|Born||6th century BCE
Bhadda in Rajagaha, India
|Teacher||Gautama Buddha, Sariputra|
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Bhadda Kundalakesa was a former Jain ascetic who was converted to Buddhism by Sariputra, one of the two chief disciples of Gautama Buddha. She attained arahantship faster than any other nun and lived in the 6th century BCE in what is now Bihar and Uttar Pradesh in India.
She was born "Bhadda" in Rajagaha, the capital city of the kingdom of Magadha of King Bimbisara. Bhadda’s well-heeled parents were very protective of her, because she had a passionate nature and they were afraid that she end up hurt due to her strong attraction to men. One day, she saw a thief being led to the place of his execution through the window of her home. He was the son of a Brahmin, but had a long history of theft. Bhadda fell in love with him at first sight. She was able to convince her father that she could not live without him, and so he bribed the jail wardens who let the condemned man break out of the prison.
The couple were married, and soon after, the groom became strongly preoccupied with acquiring his wife's jewelry. He told Bhadda that he had vowed to make offerings to a certain mountain deity if he could avoid the death penalty. He managed to get Bhadda away from his home using this pretext. He wanted to push her over a high cliff to steal her valuable ornaments. When they arrived at the precipice, he told her about his intention. In her distress, Bhadda resolved to a ruse that enabled her to push him to his death.
Weighed down from the guilt arising from the murder of her husband, Bhadda did not want to return to lay life. Sensual pleasures and possessions no longer captured her attention and she became a wandering ascetic. She entered the order of Jains as an ascetic. As a special penance, her hair was torn out at the roots when she was ordained. Her hair grew again and it was very curly, giving her the name Kundalakesa (Curly-hair). Bhadda Kundalakesa was not satisfied by the Jain doctrine, so she became a solitary wandering ascetic. For fifty years she traveled throughout Ancient India and visited many spiritual teachers, thereby accruing a wide-ranging knowledge of religious scriptures and philosophies. With her knowledge, she became one of the foremost debaters of her time. Whenever she entered a town, she would make a sand-pile and stick a rose-apple branch into it. This would challenge whoever was interested in a debate to trample upon the sand-pile.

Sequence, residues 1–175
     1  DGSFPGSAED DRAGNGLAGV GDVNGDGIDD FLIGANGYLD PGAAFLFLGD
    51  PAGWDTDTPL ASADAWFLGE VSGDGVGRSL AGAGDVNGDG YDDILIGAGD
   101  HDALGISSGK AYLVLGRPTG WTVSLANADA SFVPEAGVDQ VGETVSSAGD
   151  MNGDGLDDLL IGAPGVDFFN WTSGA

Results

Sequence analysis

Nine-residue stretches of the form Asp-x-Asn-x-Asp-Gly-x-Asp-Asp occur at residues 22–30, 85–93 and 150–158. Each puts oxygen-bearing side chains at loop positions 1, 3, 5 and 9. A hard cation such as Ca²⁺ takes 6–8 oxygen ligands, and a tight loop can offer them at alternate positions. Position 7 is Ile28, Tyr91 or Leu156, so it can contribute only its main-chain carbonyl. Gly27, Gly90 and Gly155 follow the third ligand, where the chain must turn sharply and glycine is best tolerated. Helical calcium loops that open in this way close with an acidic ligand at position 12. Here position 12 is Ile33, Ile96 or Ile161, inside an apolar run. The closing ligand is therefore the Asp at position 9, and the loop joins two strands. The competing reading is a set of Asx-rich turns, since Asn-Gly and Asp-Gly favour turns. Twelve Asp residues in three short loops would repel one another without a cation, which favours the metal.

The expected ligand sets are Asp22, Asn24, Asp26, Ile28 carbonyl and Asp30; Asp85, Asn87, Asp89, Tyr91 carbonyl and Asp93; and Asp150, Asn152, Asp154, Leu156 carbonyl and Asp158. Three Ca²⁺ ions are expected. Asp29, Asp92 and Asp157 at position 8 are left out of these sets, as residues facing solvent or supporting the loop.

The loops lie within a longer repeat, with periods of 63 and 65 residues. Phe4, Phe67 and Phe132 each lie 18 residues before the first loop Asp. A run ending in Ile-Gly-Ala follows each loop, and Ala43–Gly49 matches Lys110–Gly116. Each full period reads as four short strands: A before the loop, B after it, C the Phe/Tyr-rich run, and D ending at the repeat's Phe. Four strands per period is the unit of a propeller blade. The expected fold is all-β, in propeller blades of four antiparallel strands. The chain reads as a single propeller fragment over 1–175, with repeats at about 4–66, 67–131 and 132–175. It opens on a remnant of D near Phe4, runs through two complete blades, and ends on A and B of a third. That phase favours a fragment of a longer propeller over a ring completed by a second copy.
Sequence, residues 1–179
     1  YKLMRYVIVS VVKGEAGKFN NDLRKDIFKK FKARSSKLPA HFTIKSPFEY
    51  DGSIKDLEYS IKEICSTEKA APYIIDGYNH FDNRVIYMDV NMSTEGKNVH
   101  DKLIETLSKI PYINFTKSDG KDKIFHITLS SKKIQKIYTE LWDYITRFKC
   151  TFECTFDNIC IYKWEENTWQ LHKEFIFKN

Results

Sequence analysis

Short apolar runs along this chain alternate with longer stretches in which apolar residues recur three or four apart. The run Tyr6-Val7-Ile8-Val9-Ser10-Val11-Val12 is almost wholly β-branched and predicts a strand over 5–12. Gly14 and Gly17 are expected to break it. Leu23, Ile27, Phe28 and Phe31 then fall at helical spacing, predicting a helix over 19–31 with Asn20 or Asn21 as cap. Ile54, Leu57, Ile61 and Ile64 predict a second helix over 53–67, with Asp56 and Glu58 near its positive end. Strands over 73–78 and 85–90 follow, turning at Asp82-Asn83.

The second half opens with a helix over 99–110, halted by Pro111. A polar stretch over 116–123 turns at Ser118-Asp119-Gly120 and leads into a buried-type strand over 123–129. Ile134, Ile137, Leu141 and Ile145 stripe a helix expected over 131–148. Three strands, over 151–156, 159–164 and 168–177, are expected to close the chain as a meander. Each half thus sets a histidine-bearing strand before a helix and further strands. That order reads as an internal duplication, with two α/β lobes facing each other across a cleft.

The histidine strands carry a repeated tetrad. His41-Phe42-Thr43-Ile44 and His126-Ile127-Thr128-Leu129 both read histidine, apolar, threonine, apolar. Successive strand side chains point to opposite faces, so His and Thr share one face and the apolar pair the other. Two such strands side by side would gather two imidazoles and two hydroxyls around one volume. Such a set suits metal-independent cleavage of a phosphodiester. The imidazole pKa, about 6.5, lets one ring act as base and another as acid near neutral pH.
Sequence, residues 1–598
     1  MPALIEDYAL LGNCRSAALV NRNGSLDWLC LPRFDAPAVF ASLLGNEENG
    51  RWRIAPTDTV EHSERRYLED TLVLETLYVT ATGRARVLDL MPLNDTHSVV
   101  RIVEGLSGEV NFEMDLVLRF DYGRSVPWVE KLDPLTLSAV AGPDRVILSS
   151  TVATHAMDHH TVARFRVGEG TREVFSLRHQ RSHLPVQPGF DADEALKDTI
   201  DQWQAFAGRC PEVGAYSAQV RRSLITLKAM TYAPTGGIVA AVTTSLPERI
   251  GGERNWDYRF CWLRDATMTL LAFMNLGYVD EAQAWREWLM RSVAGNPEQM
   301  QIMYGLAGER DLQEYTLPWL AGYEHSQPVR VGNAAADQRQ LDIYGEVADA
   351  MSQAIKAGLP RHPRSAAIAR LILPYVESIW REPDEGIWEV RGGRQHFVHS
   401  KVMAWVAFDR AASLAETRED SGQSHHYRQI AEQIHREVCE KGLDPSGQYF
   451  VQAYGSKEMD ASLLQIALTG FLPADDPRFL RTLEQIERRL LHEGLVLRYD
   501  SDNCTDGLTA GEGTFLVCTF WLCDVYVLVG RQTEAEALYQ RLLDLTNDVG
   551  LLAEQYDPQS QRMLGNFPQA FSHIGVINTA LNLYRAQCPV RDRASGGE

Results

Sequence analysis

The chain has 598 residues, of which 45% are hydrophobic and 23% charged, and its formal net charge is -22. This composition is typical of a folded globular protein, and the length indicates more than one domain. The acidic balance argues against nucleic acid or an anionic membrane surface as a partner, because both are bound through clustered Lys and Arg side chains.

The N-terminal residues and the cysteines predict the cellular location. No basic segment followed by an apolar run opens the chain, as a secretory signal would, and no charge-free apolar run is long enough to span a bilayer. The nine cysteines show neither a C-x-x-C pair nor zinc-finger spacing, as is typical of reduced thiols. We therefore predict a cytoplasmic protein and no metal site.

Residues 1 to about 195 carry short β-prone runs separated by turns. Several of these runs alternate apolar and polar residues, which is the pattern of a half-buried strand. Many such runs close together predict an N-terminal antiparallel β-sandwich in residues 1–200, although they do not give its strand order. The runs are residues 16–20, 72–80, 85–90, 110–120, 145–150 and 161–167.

Debate with Sariputra
One day she visited Savatthi and again erected her sand pile. At the time, Sariputra, one of the two chief disciples of the Buddha, and the disciple with the greatest power of analysis, was staying at the Jetavana monastery in the city. He heard of Bhadda’s arrival, and as a sign of his willingness to debate, he sent several children to trample on the sand-pile. Bhadda then went to Jetavana, Anathapindika's monastery, followed by a large throng of spectators. She was supremely confident of victory, since she had become accustomed to winning all debates as a matter of course. Bhadda posed a number of questions to Sariputra. He answered all of them until she could not think of any more questions. Then it was Sariputra’s turn to question her. His first question affected Bhadda profoundly, which was "What is the One?" Bhadda remained silent, intrigued by what he was inquiring about. She could have answered "God" or "Brahma" or "the Infinite", which would have been the good answer. But Bhadda decided not to formulate an answer and thereby lost the debate, because she knew that she had found what she had been searching for half a century of wandering around India. She chose Sariputra as her teacher, but he referred her to Gautama Buddha. He expounded the dharma to her at Mount Vulture Peak and finished with the following verses:
Though a thousand verses
are made of meaningless lines,
better the single meaningful line
by hearing which one is at peace.
Just as the wanderer Bahiya was the bhikkhu who attained arahantship faster than anyone else, Bhadda was the fastest among the bhikkhunis. Both grasped the essence of the Buddha’s teaching so quickly and so deeply that their ordination in the sangha came after their attainment of arahantship. Their mind and emotional self-control had long been trained and prepared, so their attainment came very quickly.